|by IVAW National April 17, 2017|
Iraq Veterans Against the War (IVAW) condemns in no uncertain terms the bombing of Sharyat airbase in Syria six days ago by Donald Trump’s administration. As veterans of the unending and expanding wars conducted over the last 16 years, we know intimately that U.S. military intervention exacerbates and further militarizes conflicts overseas and that the people who pay the greatest price are the everyday people of occupied nations. We also know that this is not the first time our military has been used in the Syrian conflict. U.S. bombs have been dropped on Syria under both the Trump and Obama administrations, resulting in more than a thousand civilian deaths.
And the Assad Regime's War Crimes
|by Kevin Anderson April 15, 2017|
Within a few days in April, the Trump administration pivoted away from its nearly open support for the Assad regime to a military attack on it. This was followed by harsh language against Russia, the setting off of a huge bomb in Afghanistan, and the dispatch of an aircraft carrier armed with nuclear weapons toward North Korea.
No to Assad’s Brutality, No to Isis, No to U.S. and Russian Bombing and Military Forces in Syria, For a Revival of the Arab Spring
|by Campaign for Peace and Democracy April 9, 2017|
We are horrified by the relentless, cruel attacks of the Assad regime, aided by Moscow and Tehran, on the Syrian people. For sheer brutality the butchers in Damascus have few equals in the world today. But we also wholeheartedly condemn U.S. bombing and military forces in Syria, which will kill innocent people and contribute nothing towards a just solution to the Syrian conflict, while at the same time serving to deepen the reactionary U.S. military presence in the Middle East and reinforce Assad’s rhetorical claim that he is defending the Syrian people against Western imperialism, hollow though that claim may be.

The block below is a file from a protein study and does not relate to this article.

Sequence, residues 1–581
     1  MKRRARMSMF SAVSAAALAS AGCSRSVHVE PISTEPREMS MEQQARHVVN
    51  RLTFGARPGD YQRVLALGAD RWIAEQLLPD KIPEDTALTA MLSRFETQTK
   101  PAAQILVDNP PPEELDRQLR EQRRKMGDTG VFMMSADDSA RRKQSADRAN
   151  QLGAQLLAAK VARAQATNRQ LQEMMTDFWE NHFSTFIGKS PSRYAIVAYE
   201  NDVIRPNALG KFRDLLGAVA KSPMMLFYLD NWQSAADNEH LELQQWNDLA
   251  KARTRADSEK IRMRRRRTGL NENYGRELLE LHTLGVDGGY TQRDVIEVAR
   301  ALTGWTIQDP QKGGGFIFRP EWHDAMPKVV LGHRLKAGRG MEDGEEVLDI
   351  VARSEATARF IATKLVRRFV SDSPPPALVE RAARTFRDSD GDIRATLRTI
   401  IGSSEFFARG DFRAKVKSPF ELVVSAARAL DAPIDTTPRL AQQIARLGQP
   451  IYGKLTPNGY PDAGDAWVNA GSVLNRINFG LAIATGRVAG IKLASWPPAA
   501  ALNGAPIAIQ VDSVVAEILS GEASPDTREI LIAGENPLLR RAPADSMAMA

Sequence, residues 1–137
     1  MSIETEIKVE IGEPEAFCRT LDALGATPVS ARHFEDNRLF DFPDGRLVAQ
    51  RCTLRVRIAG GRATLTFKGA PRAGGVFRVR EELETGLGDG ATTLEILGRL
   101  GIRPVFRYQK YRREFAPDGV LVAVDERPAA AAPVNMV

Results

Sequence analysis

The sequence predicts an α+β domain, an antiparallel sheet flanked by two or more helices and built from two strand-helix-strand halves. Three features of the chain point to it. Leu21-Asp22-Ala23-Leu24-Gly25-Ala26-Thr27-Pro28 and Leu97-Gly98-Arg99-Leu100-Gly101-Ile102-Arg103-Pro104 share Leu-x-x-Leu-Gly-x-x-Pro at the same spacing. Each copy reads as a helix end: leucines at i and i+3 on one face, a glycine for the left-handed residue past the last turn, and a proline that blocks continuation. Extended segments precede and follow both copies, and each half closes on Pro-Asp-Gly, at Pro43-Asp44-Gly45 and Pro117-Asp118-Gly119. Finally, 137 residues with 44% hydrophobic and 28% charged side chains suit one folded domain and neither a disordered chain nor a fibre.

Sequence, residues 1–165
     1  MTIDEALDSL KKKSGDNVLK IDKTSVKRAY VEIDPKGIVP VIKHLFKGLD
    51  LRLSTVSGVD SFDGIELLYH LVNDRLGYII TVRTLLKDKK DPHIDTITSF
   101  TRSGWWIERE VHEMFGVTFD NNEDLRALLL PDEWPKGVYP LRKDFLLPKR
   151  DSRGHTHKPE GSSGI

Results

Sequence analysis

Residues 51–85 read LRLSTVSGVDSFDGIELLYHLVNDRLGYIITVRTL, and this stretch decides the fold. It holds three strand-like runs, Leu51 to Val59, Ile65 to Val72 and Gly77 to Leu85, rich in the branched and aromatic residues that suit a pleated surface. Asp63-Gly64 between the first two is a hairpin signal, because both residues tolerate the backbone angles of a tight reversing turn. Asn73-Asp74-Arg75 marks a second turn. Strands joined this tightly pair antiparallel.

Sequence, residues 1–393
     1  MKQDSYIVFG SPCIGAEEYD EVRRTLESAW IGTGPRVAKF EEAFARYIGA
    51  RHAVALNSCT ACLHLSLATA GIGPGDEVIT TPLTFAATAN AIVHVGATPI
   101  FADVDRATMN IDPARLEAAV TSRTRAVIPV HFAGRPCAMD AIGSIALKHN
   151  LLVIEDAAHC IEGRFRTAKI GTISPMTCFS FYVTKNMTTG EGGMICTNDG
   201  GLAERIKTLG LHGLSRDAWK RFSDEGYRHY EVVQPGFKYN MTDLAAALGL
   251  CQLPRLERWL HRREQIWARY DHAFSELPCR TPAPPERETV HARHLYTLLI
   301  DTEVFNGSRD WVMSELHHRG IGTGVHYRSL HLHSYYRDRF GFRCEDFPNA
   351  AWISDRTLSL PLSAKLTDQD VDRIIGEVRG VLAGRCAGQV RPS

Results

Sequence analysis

|by Stanley Heller March 11, 2017|
Recently a group called the “Hands Off Syria Coalition” disrupted a performance of Beethoven’s Ninth in Grand Central Station that was done to honor the White Helmets group. The White Helmets, of course, are Syria rescue workers of whom 140 have lost their lives while digging out victims of Syrian government and Russian bombs.
|By Sarah Aziza October 30, 2016|
|by Joseph Daher October 21, 2016|
The last terrible terrorist attack by the so-called “Islamic State” (also known as Daech) killed at least 300 people in Baghdad’s central shopping district of Karrada on July 2. It was the worst single car bomb attack in Iraq since U.S. and British led forces toppled the dictator Saddam Hussein 13 years ago and deepened the anger of many Iraqis over the weak performance of the security apparatus. This followed other terrorist attacks in the region and elsewhere. This put forward once more the question on how to answer and end the threat that represents Daech. The Western states led by the USA have shown that they consider Daech as the main enemy for the region of the Middle East and North Africa. Daech constitutes in the opinion of Western officials a source of regional and international instability, particularly with the terrorist attacks in West. However they propose to use the same elements that fueled the development of Daech to try to stop it militarily. This is therefore a recipe for defeat.
|by Stanley Heller October 15, 2016|
It’s painful to read Scott Ritter’s “The ‘White Helmets’ and the Inherent Contradiction of America’s Syria Policy” and see him joining the ranks of the conspiracists on Syria.